6 Ways to Combat Video Call Fatigue

pexels-andrea-piacquadio-3767411It’s a brand-new year, and after almost a full year of virtual meetings, we think it’s time for a new resolution: reduce video call fatigue. When you’re already working a full day (and then some) in front of a computer, having virtual dinner with family and friends, and spending more time than ever watching Netflix due to the pandemic, having too many video calls is resulting in exhaustion, stress and frustration for many work-from-home employees.

Harvard Business Review examined the reasons why video calls are so draining for employees.

“In part, it’s because they force us to focus more intently on conversations in order to absorb information. Think of it this way: when you’re sitting in a conference room, you can rely on whispered side exchanges to catch you up if you get distracted or answer quick, clarifying questions. During a video call, however, it’s impossible to do this unless you use the private chat feature or awkwardly try to find a moment to unmute and ask a colleague to repeat themselves.”

Additionally, video calls make it easy for participants to lose focus. Between the background noise, political and social upheaval, encroachment of workspace into your home space, and other notifications constantly going off, it is especially challenging to focus strictly on the meeting happening in front of you.

Lastly, according to Harvard Business Review, video call fatigue happens because of the way that we process information over video as opposed to in person.

“On a video call the only way to show we’re paying attention is to look at the camera. But, in real life, how often do you stand within three feet of a colleague and stare at their face? Probably never. This is because having to engage in a “constant gaze” makes us uncomfortable — and tired. In person, we are able to use our peripheral vision to glance out the window or look at others in the room. On a video call, because we are all sitting in different homes, if we turn to look out the window, we worry it might seem like we’re not paying attention. Not to mention, most of us are also staring at a small window of ourselves, making us hyper-aware of every wrinkle, expression, and how it might be interpreted. Without the visual breaks we need to refocus, our brains grow fatigued.”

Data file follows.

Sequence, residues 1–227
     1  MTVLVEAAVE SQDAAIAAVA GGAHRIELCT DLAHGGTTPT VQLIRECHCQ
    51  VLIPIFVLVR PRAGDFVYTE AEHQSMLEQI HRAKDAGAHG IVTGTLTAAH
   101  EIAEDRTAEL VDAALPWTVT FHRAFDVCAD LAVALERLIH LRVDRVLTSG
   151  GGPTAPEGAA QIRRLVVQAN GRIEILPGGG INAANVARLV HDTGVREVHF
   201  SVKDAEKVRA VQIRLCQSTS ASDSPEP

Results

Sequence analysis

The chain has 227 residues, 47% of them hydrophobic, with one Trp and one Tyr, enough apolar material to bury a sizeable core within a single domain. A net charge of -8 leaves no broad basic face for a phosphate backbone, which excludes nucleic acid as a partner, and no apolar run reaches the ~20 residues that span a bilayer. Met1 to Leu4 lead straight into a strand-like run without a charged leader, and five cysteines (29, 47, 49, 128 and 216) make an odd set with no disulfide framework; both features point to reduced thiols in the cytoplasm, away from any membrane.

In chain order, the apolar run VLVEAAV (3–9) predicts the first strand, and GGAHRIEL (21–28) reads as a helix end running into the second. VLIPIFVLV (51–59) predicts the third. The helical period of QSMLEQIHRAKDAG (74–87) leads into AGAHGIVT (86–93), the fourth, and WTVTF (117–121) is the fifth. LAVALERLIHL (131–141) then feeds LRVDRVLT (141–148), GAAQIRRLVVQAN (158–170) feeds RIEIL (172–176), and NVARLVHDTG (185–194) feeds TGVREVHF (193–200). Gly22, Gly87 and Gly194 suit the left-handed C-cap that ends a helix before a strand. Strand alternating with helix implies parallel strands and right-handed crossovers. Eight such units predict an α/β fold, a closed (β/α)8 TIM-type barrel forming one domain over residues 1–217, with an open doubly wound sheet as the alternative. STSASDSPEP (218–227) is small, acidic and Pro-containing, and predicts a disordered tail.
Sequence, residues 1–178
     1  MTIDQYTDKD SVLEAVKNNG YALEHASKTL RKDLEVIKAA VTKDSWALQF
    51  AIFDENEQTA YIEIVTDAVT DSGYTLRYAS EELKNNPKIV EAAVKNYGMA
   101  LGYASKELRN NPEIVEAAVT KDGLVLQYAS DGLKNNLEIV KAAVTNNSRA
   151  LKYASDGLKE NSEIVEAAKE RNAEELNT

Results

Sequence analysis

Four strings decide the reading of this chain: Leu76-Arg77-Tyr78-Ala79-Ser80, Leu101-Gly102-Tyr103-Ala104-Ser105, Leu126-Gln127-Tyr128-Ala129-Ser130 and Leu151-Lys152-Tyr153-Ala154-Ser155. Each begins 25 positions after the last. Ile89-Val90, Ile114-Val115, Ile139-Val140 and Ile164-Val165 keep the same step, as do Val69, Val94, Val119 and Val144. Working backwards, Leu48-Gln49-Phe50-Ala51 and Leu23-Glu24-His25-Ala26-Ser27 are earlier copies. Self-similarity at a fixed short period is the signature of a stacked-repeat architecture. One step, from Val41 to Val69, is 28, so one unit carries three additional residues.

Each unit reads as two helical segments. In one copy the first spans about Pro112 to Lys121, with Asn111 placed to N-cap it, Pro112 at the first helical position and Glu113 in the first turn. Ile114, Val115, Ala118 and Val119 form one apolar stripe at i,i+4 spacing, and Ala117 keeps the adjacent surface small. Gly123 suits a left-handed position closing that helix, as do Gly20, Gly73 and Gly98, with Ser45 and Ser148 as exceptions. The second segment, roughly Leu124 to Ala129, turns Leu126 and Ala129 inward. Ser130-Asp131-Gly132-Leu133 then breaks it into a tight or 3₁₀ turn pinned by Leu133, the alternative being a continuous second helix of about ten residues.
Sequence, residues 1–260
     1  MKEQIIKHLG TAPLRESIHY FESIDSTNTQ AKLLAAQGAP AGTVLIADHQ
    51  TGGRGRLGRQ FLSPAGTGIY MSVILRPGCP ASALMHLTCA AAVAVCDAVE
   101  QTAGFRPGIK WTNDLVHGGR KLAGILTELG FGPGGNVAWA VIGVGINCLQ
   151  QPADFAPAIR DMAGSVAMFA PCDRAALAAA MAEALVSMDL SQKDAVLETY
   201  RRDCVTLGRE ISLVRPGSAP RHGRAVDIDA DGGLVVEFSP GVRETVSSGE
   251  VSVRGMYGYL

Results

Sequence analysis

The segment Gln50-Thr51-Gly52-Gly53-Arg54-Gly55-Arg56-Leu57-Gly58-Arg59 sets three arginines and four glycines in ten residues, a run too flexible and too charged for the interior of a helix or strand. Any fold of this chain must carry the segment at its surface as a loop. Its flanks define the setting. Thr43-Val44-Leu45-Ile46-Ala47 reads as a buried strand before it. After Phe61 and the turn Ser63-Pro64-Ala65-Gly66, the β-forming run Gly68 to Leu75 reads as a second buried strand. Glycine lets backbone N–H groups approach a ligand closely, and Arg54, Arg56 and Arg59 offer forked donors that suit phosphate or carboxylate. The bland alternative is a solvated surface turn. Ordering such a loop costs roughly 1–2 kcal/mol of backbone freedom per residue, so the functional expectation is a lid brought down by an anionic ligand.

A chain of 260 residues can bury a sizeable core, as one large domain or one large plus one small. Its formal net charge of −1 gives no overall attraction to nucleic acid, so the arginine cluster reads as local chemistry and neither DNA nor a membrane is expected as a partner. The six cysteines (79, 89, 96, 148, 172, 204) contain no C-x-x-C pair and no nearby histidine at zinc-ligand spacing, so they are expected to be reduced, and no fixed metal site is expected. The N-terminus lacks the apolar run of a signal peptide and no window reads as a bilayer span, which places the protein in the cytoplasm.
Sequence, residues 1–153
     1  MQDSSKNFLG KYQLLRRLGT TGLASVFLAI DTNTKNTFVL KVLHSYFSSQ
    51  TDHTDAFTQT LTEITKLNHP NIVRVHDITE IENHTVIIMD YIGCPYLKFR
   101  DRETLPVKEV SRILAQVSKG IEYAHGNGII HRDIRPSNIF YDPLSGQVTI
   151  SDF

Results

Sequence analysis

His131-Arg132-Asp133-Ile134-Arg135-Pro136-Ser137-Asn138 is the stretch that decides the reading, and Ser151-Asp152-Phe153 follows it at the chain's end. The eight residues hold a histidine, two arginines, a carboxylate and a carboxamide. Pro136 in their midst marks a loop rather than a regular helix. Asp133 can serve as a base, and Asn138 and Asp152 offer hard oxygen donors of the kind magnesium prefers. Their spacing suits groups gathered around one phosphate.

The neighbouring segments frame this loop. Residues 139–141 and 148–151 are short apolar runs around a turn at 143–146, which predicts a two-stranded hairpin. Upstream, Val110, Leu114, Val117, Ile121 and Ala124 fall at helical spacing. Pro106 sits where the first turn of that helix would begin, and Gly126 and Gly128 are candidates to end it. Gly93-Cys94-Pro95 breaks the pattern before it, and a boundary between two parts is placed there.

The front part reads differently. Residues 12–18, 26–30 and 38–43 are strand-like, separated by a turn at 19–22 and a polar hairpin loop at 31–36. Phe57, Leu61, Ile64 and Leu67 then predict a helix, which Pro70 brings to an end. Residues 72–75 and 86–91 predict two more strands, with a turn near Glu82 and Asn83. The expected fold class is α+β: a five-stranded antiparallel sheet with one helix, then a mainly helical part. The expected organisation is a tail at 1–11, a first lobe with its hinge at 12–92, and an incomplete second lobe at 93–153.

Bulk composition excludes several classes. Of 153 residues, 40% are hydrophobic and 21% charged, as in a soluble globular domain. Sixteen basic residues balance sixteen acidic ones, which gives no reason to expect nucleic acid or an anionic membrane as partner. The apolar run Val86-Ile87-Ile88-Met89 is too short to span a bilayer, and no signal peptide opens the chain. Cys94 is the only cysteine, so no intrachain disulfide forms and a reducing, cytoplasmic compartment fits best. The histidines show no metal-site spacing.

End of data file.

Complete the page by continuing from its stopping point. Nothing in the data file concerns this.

Here are Harvard Business Review’s tips to make video calls less draining:

  1. Don’t multitask. The more you try to do during a video call, the less focused you’ll be and the more stressed you’ll be trying to focus, now, on multiple tasks at once. Be in that meeting, close other tabs and applications, turn off notifications, and pick up those tasks again when the meeting is done. Don’t worry, your emails aren’t going anywhere.
  2. Take breaks. Block off your calendar so that you’re not engaging in back-to-back(-to-back-to-back) video calls. Even if it’s just for a few minutes, step away from your computer and give your eyes and your brain a rest.
  3. Reduce onscreen distractions. When you’re on a video call, you’re looking at many things at once. Not just your coworkers’ faces, but their living rooms or kitchens, their kids or pets, and your own This can be extremely distracting. You can minimize these distractions by encouraging your employees to sit in front of a boring, plain background, turning on “speaker view” so you’re only looking at once participant at a time, and hiding your own video box so that you’re not watching yourself.
  4. Make virtual social events optional. Yes, we’re all starved for social time, but that doesn’t mean social events should be mandatory. You and your team are already exhausted from virtual meetings, so if you’re hosting a virtual happy hour or other social hour, it’s beneficial to make it optional so that you or your team members can opt out if they’re feeling too fatigued.
  5. Ask yourself the question: Can this be an email? Having a “quick” video call can cause unnecessary stress for participants as they rush to get ready, put on a nice top, brush their hair… just to sit on Zoom for 10 minutes in a meeting that could have been an email. If you need to schedule a video call later on to further dive into a project or issue, put that on the calendar. But for quick requests, shoot over an email or a chat message.
  6. Consider a call instead of video. Especially if it’s someone you don’t know well, consider scheduling a phone call instead. Video calls are more intimate and can be intimidating if you aren’t familiar with the person you’re talking with.

Zoom fatigue is real and many are feeling the effects of it. As leaders in your organization, it’s up to you to help make sure that your employees are finding balance in their workday. Unprecedented times call for new ways of working, engaging and discovering healthy work/life balance.